A part of this module discussed leadership as a process. Leadership affects and is affected by followers. Leadership is also available to everyone and is not restricted to just one person. Each person has the ability and the chance to lead and has the ability to influence others. This module discussed how leaders are more effective when their skills match their management level. I agree that leaders should lead by example and that they should recognize that there is not just one best style of leadership, instead, leaders need to be flexible and adapt their styles to the requirement of the situation. This was a very informational module on how leaders can lead in order to reach a common goal. Individuals will follow a leader because they know they can trust that person to do the right thing. In the reference to leadership involves leadership, I agree that without influence, leadership does not exist. No matter what, good or bad, your attitude and behaviors will affect those around you.
Mitchell makes a great point.. "leadership is also available to everyone and is not restricted to just one person". When I was first promoted to lieutenant at my department, I learned pretty quickly the value of buy in from the informal leaders in the department. Sure, I could sit down with my peers and shift supervisors and talk about policy and operational changes but if I wanted straight answers and opinions I reached out to my "go to" informal leaders that I could count on. They always provided me with honest perspectives and were open to listening to my points of view. When these these officers were asked to be on important committees and work groups early in the process, they became the voices of reason when new policies were published or important operational changes were made. Several of these "Informal leaders" are now in leadership positions in the department.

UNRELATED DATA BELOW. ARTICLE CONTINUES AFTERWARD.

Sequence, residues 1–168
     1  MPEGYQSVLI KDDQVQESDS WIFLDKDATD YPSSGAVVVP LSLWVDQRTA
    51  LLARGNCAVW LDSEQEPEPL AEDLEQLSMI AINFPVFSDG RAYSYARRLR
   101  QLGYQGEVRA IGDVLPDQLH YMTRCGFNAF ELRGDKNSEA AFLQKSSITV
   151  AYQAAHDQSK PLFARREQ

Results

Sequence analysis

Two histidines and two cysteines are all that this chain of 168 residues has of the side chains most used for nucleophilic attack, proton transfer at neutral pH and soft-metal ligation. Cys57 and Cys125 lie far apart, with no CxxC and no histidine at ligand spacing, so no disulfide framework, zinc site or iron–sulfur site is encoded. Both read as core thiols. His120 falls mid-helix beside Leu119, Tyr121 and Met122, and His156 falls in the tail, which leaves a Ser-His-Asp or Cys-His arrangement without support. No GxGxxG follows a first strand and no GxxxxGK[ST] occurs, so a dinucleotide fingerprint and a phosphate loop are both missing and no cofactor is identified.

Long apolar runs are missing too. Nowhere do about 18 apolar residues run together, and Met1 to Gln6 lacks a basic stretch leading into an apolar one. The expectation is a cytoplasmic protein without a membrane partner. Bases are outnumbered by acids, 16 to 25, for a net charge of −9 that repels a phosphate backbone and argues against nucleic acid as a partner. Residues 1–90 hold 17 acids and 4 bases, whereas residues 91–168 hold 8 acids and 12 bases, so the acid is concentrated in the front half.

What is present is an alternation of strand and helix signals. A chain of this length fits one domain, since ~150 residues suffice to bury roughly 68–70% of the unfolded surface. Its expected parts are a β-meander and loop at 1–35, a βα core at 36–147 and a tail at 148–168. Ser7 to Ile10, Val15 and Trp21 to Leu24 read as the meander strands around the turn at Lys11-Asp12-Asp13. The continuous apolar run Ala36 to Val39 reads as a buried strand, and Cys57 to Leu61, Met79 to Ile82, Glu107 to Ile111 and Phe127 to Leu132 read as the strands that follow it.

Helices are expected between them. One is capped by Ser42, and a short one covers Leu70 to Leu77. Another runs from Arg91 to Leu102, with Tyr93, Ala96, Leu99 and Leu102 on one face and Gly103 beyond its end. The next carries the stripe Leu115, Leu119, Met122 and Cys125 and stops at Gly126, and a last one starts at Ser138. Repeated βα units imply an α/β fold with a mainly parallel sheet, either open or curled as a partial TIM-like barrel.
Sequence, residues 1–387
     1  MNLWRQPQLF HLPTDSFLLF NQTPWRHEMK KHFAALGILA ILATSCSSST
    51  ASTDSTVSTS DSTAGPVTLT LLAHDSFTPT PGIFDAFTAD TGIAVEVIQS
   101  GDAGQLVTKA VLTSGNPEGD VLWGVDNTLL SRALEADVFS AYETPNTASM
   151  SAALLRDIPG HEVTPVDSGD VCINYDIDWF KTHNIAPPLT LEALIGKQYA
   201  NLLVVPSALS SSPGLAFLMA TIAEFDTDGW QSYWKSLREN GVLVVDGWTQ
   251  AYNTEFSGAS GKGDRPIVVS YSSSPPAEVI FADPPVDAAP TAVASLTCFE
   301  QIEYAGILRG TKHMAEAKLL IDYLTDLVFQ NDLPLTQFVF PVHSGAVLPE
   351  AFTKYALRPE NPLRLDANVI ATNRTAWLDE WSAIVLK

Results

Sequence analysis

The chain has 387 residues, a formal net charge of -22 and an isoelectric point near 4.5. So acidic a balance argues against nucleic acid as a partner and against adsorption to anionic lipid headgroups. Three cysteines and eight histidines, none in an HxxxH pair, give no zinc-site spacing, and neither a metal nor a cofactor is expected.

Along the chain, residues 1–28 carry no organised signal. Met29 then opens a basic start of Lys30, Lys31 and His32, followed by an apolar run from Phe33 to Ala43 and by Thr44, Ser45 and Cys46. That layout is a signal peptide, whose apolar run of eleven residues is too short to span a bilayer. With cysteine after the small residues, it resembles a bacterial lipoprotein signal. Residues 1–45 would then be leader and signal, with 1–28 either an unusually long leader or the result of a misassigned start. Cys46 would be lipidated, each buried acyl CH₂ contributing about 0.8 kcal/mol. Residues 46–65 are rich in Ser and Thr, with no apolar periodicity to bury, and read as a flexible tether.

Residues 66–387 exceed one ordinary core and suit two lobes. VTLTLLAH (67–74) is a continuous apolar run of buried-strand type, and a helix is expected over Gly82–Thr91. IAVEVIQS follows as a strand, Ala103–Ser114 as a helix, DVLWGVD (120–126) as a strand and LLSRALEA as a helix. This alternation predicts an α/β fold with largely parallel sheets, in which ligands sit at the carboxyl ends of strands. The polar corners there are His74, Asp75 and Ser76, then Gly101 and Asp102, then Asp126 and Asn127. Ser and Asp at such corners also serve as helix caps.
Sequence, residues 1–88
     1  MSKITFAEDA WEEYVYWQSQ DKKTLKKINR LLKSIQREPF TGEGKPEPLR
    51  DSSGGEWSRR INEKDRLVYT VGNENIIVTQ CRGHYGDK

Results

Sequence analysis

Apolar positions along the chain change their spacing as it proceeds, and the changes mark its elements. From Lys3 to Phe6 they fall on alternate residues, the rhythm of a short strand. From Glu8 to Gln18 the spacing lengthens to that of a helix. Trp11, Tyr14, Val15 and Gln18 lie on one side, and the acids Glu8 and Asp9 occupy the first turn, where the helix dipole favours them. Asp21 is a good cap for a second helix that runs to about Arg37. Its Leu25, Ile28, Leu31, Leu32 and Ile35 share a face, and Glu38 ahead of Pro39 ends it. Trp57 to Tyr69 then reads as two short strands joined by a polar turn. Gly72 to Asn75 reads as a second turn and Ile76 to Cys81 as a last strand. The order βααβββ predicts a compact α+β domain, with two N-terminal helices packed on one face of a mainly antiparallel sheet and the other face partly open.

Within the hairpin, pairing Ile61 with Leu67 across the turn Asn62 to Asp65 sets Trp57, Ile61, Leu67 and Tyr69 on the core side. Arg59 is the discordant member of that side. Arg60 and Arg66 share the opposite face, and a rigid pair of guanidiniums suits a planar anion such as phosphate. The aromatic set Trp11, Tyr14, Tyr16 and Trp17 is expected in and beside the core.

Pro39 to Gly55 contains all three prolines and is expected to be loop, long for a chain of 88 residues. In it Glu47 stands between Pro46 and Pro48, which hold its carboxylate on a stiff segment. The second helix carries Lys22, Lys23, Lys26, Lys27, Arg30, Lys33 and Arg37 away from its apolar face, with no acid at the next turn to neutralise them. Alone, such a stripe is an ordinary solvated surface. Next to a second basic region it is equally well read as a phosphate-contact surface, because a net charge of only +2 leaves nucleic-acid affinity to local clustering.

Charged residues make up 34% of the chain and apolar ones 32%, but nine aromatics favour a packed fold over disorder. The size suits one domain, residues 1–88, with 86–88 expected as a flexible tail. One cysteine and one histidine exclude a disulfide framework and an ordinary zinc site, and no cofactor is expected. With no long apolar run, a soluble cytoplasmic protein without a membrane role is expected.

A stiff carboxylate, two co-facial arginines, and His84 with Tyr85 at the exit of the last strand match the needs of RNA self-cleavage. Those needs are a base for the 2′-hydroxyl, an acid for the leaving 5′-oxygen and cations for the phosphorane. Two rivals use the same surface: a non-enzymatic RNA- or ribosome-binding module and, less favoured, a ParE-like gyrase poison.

Good point Mitch, that leadership isn't restricted to those whom have the rank, but to every individual in the organization. I feel that an effective way to measure if we are effectively leading and influencing our partners or those in our lives can be associated with peers asking for our input, how we would do something, or for our help or guidance.
I appreciated how module #2 jumped right into the components of leadership. Explaining that leadership is a process that involves influence, within a group that is dedicated to a common goal. Taking it an additional step further this module stresses that the team has to have “buy in” from every person involved and a big portion of that “buy in” revolves around influence. In reference to the portion discussing positive communication a point that really spoke to me was how leaders are firm but not ridgid, knowing what the team goal is and not wavering from that but being open to new ideas is important. As the speaker was talking about the 5 bases of power the image of former leaders, and supervisors, popped into my head as he was laying out the definition of each base. We obviously need to stay away from coercive power and I feel that effective leaders can be a combination of some or all of the remaining.